Across the board, claimant law firms and litigation funders will be looking to the press and announcements from regulators to spot the “next big thing”. This is as true of shareholder-based claims as it is of the consumer claims considered below. Litigation often follows the announcement of a regulatory investigation and this will only increase in the ESG sphere. Accordingly, corporates must proceed cautiously when making announcements to the market, when preparing shareholder documents, and in statements made at AGMs or in annual accounts. This is likely to increase the time, effort, and expense of pulling together all of these documents and will necessitate input from even more of the business. The General Counsel and Risk teams are going to be crucial in overseeing and managing this exercise but it is inevitable that something, somewhere, will slip through the net. Claimant law firms will be waiting.

Attempts to impose a “duty of care” on parent companies in an ESG context

Historically, English common law has not recognised the liability of a parent company for the actions of its subsidiaries, on the basis that a subsidiary has a separate corporate personality. In order to look beyond the corporate structure, historically and typically, there must be a sound basis for attributing the actions of the subsidiary to the parent. However, in the arena of “mass tort” claims, judicial creep towards recognising the responsibility of the parent company for negligence committed by its subsidiary seems to be gaining ground, despite this being something of an anathema to the traditional recognition of separate corporate personalities. In the ESG context, therefore, negligence claims have the potential to be a highly potent route to holding corporates accountable for environmental and human rights issues, even if those issues occur as a result of the actions or omissions by a parent company’s subsidiary.

In a recent spate of cases, claims of negligence arising out of the operations of foreign subsidiaries of U.K.-based parent companies have been brought in England and Wales by employees of such subsidiaries, their families, and local residents; usually in the wake of high-profile environmental incidents and human rights abuses. Although not explicitly termed as “ESG litigation” it is clear that these cases, which commonly feature a question of whether the U.K.-based parent owes a “duty of care” to the claimant, are just one aspect of the developing ESG litigation landscape.

This sort of mass tort claim, and its potential for use in ESG litigation, is made possible by the “jurisdictional gateways” in the English civil procedure rules. In order to demonstrate that the English courts have jurisdiction over a claim the claimants need to pass the joint hurdles of the “real issue to be tried on the merits” and “necessary and proper party” thresholds. If the claimant is successful in meeting these requirements, the jurisdiction of the courts of England and Wales is established, and the case will be allowed to proceed to trial. It might be thought that these twin hurdles would be difficult to meet for any claimants seeking to bring an ESG group claim. However, a number of recent decisions have shown that this might not be as difficult as first supposed.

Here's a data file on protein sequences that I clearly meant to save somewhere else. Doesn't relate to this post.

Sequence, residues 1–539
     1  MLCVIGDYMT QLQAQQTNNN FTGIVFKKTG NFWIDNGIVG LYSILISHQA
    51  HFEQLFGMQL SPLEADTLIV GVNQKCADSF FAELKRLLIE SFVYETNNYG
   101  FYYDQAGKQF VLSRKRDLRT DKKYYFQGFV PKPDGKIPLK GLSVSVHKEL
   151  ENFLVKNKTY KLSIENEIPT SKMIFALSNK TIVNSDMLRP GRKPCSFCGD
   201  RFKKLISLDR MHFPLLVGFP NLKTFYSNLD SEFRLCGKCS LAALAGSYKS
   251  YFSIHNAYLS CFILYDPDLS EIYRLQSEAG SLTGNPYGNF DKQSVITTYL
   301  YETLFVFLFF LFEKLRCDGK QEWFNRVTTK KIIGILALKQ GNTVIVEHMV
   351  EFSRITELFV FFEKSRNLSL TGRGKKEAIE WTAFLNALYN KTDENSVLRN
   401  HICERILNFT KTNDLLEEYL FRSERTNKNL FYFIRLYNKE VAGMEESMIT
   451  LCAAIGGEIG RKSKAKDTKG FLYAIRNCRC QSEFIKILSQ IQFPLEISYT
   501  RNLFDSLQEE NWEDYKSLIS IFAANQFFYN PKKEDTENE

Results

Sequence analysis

• In the first of these cases, the Court of Appeal decision of AAA v Unilever Plc,[4] rioters committed a number of acts of violence against the live-in employees of a tea plantation, owned and operated by a subsidiary of Unilever, following a breakdown of law and order in Kenya. The 218 claimants argued that their claims should be allowed to proceed in England and Wales with Unilever Plc as an “anchor defendant” as Unilever owed them a duty of care and had failed in that duty by not implementing adequate crisis management procedures. Although the Court of Appeal disagreed that Unilever owed a duty of care in the present circumstances, and noted that whilst there was no special doctrine for establishing that a parent company owes a duty of care (the usual tests of “proximity” and “foreseeability” apply), the Court acknowledged that a duty of care is more likely to arise in circumstances where a parent company has, in substance, taken over the management of the relevant activity of the subsidiary in place of (or jointly with) the subsidiary’s own management and/or where the parent has given relevant advice to the subsidiary about how it should manage a particular risk.
  • Shortly afterwards two similar cases found their way to the Supreme Court: Lungowe v Vedanta[5] and Okpabi v Shell.[6] In Vedanta the claim was brought by 1,826 Zambian villagers against Vedanta (domiciled in the U.K.) and its Zambian subsidiary in respect of alleged environmental pollution and toxic emissions from the Nchanga Copper Mine. The Supreme Court found that the claimants had a good arguable case that Vedanta owed them a duty of care and that it was not an abuse of process to sue Vedanta as an “anchor defendant” irrespective of the connection with Zambia. The court considered that there was at least a triable issue that Vedanta owed a duty of care to the claimants, with Lord Briggs stating that:

    I regard the published materials in which Vedanta may fairly be said to have asserted its own assumption of responsibility for the maintenance of proper standards of environmental control over the activities of its subsidiaries, and in particular the operations at the Mine, and not merely to have laid down but also implemented those standards by training, monitoring and enforcement, as sufficient on their own to show that it is well arguable that a sufficient level of intervention by Vedanta in the conduct of operations at the Mine may be demonstrable at trial . . .